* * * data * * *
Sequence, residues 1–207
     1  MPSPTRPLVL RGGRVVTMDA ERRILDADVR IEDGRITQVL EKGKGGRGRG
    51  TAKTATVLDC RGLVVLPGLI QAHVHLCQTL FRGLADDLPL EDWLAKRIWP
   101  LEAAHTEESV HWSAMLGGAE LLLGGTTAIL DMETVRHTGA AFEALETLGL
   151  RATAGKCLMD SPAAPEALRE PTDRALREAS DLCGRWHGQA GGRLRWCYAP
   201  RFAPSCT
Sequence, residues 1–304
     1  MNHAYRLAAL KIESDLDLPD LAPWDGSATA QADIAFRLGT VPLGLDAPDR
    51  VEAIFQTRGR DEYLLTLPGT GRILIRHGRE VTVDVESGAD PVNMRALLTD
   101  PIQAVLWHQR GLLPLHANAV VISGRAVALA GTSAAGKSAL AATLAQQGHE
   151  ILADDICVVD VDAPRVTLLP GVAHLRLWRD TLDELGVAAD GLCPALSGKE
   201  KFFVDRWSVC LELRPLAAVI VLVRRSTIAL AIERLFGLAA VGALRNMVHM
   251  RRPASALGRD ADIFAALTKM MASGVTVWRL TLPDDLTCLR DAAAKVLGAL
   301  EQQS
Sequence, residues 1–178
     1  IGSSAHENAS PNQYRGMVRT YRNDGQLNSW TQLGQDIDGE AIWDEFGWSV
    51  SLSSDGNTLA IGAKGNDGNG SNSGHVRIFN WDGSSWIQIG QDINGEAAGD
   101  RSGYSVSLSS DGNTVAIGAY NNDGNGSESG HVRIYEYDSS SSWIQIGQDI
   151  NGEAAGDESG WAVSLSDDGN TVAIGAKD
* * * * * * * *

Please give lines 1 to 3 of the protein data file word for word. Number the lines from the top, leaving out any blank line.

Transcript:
Sequence, residues 1–207
     1  MPSPTRPLVL RGGRVVTMDA ERRILDADVR IEDGRITQVL EKGKGGRGRG
    51  TAKTATVLDC RGLVVLPGLI QAHVHLCQTL FRGLADDLPL EDWLAKRIWP